The legislation was approved the evening of June 16 – the same day New York Mayor Michael Bloomberg had threatened to close down the city’s OTB, putting 1,500 people out of jobs. The OTB handles about $1.1 billion worth of bets annually – or some 40% of wagers in the state.
The takeover legislation, which takes effect immediately, also includes the creation of a state task force to study how to possibly merge all the state’s OTBs and consolidate other racing functions that officials say could be the beginning to the end of several decades of infighting among industry stakeholders for a share of the dwindling betting dollar.
“The finalization of this agreement is a win for the state, a win for the city of New York, and a win for the people whose livelihoods depend on a well-run OTB,” Gov. David Paterson said.
As for the now-splintered OTB and racing industry, Paterson added, “I’d like to try to consolidate it as best we can.’’
How that would work is uncertain.
Sen. John Sabini, a Queens Democrat who Paterson has nominated to become the next chairman of the state Racing and Wagering Board, talked of a “holistic’’ approach. He said the tradition of the state racing agency has been to uphold the integrity of the industry. “But for too long no one has paid attention to a major stakeholder: the taxpayer.’’
Sabini talked of everything from consolidation of services now offered by the various racing and OTB entities to better marketing to improve not only the industry but also to return more money in revenue sharing to the state.
The NYCOTB deal came after several weeks of closed-door talks, which were characterized as growing increasingly bitter because of demands on the table by Bloomberg. After a deal was publicly announced by the governor June 13, for instance, the city stepped back and said it would not agree unless it were able to keep $18 million a year in annual betting surcharge payments.
The final deal has the state assuming control of NYCOTB as a new public benefit corporation. In a partial win for Bloomberg, the city will continue to get a portion of the surcharge on bets made at Aqueduct and Belmont Park, which amounted to $4.25 million last year. The city for the next three years will also get another $3.25 million a year by broadcasting racing on the city’s two cable channels now run by NYCOTB.
“Although the negotiations went down to the wire, they produced an agreement that truly belongs in the winner’s circle,” Bloomberg said in a statement. “Working with state leaders, we have put out to pasture a fiscally flawed arrangement with OTB – one that threatened to divert city funds from police and fire protection, public schools, and other essential services. Instead, the city will continue to receive a public benefit from racing that takes place in New York City.”
On June 16, Bloomberg declared the city was officially out of the “betting business.’’
“The mayor of New York had no interest in running this corporation,’’ said Assemblyman Gary Pretlow, chairman of the Assembly racing committee.
Bloomberg originally sought a major change in the way in which NYCOTB revenue is distributed between the state, the New York Racing Association, the Thoroughbred breeding fund, and other tracks. For NYRA, it would have meant a loss of at least $13 million -- an amount that may have jeopardized its attempt to emerge later this month from Chapter 11 federal bankruptcy protection. The state’s Thoroughbred breeding and development fund would have lost about $1.5 million annually under the Bloomberg plan.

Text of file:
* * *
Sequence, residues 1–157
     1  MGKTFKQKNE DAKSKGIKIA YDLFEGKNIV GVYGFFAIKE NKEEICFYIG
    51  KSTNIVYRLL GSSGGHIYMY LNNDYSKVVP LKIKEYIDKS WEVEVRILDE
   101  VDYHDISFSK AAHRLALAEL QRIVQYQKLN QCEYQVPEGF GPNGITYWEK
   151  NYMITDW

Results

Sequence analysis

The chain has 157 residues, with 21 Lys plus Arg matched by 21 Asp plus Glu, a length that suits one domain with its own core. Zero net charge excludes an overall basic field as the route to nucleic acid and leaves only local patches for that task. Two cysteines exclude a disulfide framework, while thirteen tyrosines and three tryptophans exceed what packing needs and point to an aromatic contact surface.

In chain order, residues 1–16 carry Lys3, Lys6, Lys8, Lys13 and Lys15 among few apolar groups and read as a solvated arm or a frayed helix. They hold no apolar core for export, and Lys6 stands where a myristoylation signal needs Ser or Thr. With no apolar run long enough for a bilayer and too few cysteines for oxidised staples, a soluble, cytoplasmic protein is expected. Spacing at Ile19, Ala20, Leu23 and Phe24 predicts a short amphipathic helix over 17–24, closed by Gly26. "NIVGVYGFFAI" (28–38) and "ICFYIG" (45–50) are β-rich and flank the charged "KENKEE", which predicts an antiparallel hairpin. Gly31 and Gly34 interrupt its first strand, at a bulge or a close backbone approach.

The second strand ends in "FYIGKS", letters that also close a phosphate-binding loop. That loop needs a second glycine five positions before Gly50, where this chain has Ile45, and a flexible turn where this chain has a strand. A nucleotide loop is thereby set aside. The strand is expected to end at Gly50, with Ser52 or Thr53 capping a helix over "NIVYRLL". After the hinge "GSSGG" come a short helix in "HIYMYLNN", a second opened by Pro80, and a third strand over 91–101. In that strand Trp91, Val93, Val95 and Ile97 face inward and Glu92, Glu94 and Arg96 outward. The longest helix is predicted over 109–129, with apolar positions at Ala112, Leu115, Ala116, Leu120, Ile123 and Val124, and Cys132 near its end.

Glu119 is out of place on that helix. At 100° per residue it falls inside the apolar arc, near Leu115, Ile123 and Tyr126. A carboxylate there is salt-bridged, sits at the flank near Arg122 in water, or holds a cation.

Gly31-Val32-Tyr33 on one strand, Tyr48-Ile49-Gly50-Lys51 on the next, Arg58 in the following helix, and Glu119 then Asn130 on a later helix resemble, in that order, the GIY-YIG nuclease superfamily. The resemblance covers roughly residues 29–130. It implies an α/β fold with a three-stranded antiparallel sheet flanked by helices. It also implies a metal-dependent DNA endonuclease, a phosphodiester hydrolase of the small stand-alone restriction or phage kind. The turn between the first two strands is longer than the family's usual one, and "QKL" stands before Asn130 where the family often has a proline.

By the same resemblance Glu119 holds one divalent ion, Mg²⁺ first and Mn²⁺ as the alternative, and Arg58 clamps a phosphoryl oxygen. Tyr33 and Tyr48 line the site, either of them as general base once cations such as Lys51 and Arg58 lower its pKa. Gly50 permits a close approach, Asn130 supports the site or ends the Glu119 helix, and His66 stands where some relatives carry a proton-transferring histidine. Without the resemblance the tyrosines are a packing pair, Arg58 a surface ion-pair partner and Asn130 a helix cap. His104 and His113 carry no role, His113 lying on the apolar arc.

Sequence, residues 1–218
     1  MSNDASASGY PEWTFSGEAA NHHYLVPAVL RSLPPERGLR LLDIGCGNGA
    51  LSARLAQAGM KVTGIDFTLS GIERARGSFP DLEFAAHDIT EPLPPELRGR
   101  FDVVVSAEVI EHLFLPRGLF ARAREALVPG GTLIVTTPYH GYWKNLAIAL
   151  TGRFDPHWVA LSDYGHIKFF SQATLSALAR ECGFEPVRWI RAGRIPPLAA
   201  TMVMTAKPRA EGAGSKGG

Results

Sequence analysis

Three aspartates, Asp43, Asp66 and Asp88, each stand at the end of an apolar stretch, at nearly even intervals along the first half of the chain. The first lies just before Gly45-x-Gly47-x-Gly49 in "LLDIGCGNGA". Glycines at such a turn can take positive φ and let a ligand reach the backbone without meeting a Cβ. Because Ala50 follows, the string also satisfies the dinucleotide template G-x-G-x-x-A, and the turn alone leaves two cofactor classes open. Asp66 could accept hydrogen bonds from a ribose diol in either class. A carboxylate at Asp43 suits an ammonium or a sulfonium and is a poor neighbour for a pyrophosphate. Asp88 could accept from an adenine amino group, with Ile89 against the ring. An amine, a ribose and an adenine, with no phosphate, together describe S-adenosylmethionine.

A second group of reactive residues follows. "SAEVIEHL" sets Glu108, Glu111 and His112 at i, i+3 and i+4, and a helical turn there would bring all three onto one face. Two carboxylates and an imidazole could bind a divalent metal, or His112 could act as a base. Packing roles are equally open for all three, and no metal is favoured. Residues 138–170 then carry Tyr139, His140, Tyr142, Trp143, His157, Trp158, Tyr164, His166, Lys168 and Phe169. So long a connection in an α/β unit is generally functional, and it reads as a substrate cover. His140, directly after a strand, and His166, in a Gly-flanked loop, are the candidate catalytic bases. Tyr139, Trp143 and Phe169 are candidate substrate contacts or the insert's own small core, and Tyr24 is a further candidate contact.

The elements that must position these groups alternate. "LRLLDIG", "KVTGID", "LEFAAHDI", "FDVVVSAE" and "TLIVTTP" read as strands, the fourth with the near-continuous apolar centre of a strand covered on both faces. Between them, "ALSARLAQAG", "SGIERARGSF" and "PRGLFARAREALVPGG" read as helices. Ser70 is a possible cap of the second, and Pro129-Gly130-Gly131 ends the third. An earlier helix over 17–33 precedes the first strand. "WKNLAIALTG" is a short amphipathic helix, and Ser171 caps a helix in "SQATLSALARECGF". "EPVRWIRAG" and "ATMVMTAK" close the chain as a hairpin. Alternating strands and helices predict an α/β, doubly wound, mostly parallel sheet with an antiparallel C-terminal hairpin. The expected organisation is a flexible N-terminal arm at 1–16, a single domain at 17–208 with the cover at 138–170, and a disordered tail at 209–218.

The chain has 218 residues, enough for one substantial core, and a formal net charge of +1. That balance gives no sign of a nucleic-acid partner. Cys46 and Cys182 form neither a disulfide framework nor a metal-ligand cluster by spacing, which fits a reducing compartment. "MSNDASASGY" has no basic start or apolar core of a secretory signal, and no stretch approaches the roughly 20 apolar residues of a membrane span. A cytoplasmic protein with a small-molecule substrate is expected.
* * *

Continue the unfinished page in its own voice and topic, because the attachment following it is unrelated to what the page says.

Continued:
The agreement also calls for a one percent takeout hike in bets on NYRA races, and one percent takeout increase on all bets made in New York state on out-of-state tracks. The takeout increase idea was originally floated as a way to try to keep NYRA whole if the city’s original plan to change the distribution formula had been adopted.
Still, negotiators kept the takeout increase as part of the final package even though the distribution formula change originally demanded by Bloomberg did not happen.
Bennett Liebman, who runs a racing industry think tank at Albany Law School, called the takeout increase a bad idea.
“This is just raising taxes in an industry where there is limited life. It’s just a silly move,’’ he said.
Still to be decided is which of three bidding groups will operate NYRA’s future video lottery terminal casino at Aqueduct. At least two of the bidders have said they would be interested in also running the operations of NYCOTB if the state takes control of the entity, which includes a telephone account wagering business and 68 betting parlors that handle about $1.1 billion in bets a year, or more than 40% of all bets made in New York each year.
The legislation approved June 16 includes a new provision that will permit the OTB to enter into “joint ventures with third parties or entities.’’ That could include everything from NYRA to one of the bidding groups being involved in running the OTB.
The new NYCOTB headquarters will move from mid-town Manhattan to Aqueduct, though it is unclear where on the track grounds it will be housed. Liebman said one concern is what the new state-run board will do with current NYCOTB executives, who he said are some of the best in the business.
Still, the industry watcher said moving to a merger of all OTBs across the state is overdue. “Overall consolidation is probably a good thing. There really is no need or reason to have six separate OTBs in New York state and there really isn’t any reason for not trying to share services between the tracks and the OTBs,’’ Liebman said.
The five-member OTB board will be run by three appointees of the governor and one appointee apiece for the leaders of the Senate and Assembly.